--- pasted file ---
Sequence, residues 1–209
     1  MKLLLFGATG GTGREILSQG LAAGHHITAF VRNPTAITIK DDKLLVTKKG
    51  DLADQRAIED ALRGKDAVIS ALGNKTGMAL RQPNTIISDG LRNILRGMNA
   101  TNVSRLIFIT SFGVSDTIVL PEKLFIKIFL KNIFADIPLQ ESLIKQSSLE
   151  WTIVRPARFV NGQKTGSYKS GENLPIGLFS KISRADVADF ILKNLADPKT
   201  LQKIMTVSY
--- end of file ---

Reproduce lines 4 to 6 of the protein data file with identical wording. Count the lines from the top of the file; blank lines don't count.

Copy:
   101  TNVSRLIFIT SFGVSDTIVL PEKLFIKIFL KNIFADIPLQ ESLIKQSSLE
   151  WTIVRPARFV NGQKTGSYKS GENLPIGLFS KISRADVADF ILKNLADPKT
   201  LQKIMTVSY